ORIGINAL RESEARCH article
Sensory Perception in Cetaceans: Part II—Promising Experimental Approaches to Study Chemoreception in Dolphins
- 1Université de Rennes 1, Ethologie Animale et Humaine (UMR 6552)—Centre National de la Recherche Scientifique, Paimpont, France
- 2Centre d'Ecologie Fonctionnelle et Evolutive (UMR 5175), Centre National de la Recherche Scientifique—Université de Montpellier—Université Paul-Valéry Montpellier—EPHE, Montpellier, France
- 3Developmental Ethology and Cognitive Psychology Group, Centre des Sciences du Goût (UMR 6265), Centre National de la Recherche Scientifique-Université de Bourgogne-Franche-Comté, Dijon, France
- 4Department of Arts and Sciences, Université de Nîmes, Nîmes, France
- 5Centre National de la Recherche Scientifique, Ethologie Animale et Humaine (UMR 6552)—Université de Rennes 1, Rennes, France
- 6Département Scientifique et Pédagogique, Planète Sauvage, Port-Saint-Père, France
Chemosensory perception in cetaceans remains an intriguing issue as morphological, neuroanatomical and genetic studies draw unclear conclusions, while behavioral data suggest that dolphins may use it for food selection or socio-sexual interactions. Experimental approaches have been scarce due to the practical difficulties of testing chemoreception in wild dolphins. Go/no-go tasks are one elegant way to investigate discrimination abilities; however, they require to train the animals, thus preventing spontaneous responses and hence the expression of preferences. Here, we aimed at testing potential spontaneous responses to chemical stimuli and developed novel procedures. First, we conducted a study to test whether captive dolphins respond to a biologically relevant smell. Therefore, we placed dead fish within an opaque barrel at the border of the pool and counted the number of respirations at proximity as an indicator of investigation. The same dead fishes were presented several times during experiments lasting three consecutive days. From the second day on (i.e., when the odor composition changed), dolphins breathed more often close to the fish-smelling barrel than close to the visually identical but empty control barrel. Second, we conducted a study to test whether dolphins are able to discriminate food flavors. Captive dolphins are commonly provided with ice cubes as a source of enrichment. We took this opportunity to provide ice cubes with different flavors and to compare the reaction to these different flavors as a measure of discrimination. Hence, we used the latency of return to the ice cube begging spot as a measure of discrimination from the previous ice cube flavor. Thus, our method used a non-invasive and easily replicable technique based on the spontaneous begging responses of dolphins toward more or less attractive items bearing biological relevance. The procedures used enabled us to show that dolphins may discriminate odors and flavors respectively.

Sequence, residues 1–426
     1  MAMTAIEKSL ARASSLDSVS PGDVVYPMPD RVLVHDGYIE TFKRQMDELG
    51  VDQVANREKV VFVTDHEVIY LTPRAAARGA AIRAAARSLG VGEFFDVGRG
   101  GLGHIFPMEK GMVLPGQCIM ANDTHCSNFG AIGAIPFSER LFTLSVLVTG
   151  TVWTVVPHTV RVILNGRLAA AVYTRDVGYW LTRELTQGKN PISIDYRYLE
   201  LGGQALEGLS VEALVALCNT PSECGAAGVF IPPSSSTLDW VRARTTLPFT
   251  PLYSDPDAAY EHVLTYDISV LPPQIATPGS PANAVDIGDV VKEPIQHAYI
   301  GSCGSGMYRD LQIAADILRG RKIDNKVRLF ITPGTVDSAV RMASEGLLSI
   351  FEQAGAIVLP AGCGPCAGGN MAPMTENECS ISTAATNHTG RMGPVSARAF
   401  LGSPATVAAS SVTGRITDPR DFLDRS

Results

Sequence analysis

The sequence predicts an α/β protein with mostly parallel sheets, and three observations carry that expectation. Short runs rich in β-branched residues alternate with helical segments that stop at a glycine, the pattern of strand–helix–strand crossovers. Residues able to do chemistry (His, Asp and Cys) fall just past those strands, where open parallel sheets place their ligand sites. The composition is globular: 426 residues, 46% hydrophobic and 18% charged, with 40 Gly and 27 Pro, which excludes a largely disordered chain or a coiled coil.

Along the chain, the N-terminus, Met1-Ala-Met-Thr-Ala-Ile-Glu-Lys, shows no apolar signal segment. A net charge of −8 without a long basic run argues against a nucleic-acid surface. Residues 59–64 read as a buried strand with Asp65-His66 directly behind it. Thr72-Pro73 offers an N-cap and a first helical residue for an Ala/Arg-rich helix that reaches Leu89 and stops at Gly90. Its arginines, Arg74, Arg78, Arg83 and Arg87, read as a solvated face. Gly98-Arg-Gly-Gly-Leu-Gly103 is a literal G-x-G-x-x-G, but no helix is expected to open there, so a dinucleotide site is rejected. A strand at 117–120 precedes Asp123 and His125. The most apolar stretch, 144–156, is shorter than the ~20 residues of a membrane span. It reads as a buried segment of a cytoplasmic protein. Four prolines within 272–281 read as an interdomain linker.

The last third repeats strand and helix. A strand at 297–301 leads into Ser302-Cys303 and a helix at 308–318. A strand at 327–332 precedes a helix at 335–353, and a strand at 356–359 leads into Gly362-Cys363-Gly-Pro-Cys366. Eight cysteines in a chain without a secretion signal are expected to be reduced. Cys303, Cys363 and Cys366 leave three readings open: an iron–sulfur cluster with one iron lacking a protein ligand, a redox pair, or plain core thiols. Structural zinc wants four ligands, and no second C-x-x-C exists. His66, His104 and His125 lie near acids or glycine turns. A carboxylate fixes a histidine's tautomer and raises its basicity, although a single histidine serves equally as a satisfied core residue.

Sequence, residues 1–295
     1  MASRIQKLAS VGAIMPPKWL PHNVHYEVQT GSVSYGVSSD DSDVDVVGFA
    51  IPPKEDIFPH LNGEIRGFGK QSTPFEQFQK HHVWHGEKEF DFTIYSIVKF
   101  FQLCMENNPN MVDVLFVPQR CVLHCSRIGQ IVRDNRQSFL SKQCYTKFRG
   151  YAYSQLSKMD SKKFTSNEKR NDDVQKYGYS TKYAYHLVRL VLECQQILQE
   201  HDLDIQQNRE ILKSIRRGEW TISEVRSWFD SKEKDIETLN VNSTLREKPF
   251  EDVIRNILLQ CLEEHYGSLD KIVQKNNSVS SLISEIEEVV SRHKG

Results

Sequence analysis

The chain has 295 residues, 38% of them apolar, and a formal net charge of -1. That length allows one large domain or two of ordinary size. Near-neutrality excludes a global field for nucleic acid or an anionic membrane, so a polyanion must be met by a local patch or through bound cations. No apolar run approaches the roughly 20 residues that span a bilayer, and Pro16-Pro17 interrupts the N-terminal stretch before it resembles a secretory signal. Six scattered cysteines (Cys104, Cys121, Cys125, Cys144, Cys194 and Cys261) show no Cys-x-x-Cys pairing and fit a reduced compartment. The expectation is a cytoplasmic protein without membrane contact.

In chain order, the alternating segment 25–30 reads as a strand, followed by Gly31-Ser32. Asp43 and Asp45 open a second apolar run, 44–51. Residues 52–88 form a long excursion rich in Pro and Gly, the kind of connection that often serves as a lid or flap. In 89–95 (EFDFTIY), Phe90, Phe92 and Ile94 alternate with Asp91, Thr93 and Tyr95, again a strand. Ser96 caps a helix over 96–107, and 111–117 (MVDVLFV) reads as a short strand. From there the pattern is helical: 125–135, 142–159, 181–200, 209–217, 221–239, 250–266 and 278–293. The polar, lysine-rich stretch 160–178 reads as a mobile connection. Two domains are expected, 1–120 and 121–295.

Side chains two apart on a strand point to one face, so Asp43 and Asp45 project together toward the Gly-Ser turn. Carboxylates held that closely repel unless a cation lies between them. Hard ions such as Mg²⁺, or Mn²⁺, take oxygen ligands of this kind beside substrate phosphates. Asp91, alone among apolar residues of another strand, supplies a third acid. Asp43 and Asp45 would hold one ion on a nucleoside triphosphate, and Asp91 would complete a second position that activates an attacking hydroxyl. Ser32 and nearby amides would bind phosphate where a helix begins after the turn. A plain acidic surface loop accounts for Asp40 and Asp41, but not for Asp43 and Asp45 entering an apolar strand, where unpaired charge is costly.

Although chemoreception plays an important role not only for terrestrial species, but also for animals with an entire or semi-aquatic lifestyle (Nevitt et al., 1995; Catania, 2006; Davis et al., 2006; Hara, 2006; Endres and Lohmann, 2012), it has drawn little attention in research on cetaceans. In dolphins, few studies have been performed compared to other sensory modalities (see Kremers et al., 2016), and their results are contradictory.
On the one hand, several authors posit that some cetacean species have lost their nasal (Kishida et al., 2007) and oral chemoreception (Jiang et al., 2013) in the course of evolution, as airborne odorants may be considered irrelevant due to their aquatic lifestyle (Thewissen et al., 2011). Firstly, corresponding anatomical structures are rudimentary or absent, at least in adult animals. In the nasal cavity of toothed whales, the cribriform plate of the ethmoid bone and ethmoturbinals are absent (Pihlström, 2008). In their oral cavity, no taste buds were found on the tongue or other body areas of various odontocete species (Kuznetzov, 1990). However, the number and/or age of individuals investigated is usually unknown or very limited. Secondly, central structures devoted to olfaction are rudimentary or absent. The olfactory nerve [cranial nerve (CN) I] seems to vanish during early ontogenesis (Oelschläger and Buhl, 1985). The main and accessory olfactory tracts are completely absent in toothed whales, and absent or considerably reduced in baleen whales (Oelschläger, 2008; Pihlström, 2008). Thirdly, olfactory receptor (OR) and taste receptor genes are mostly pseudogenised or entirely absent in Odontoceti (Kishida et al., 2007; Jiang et al., 2013).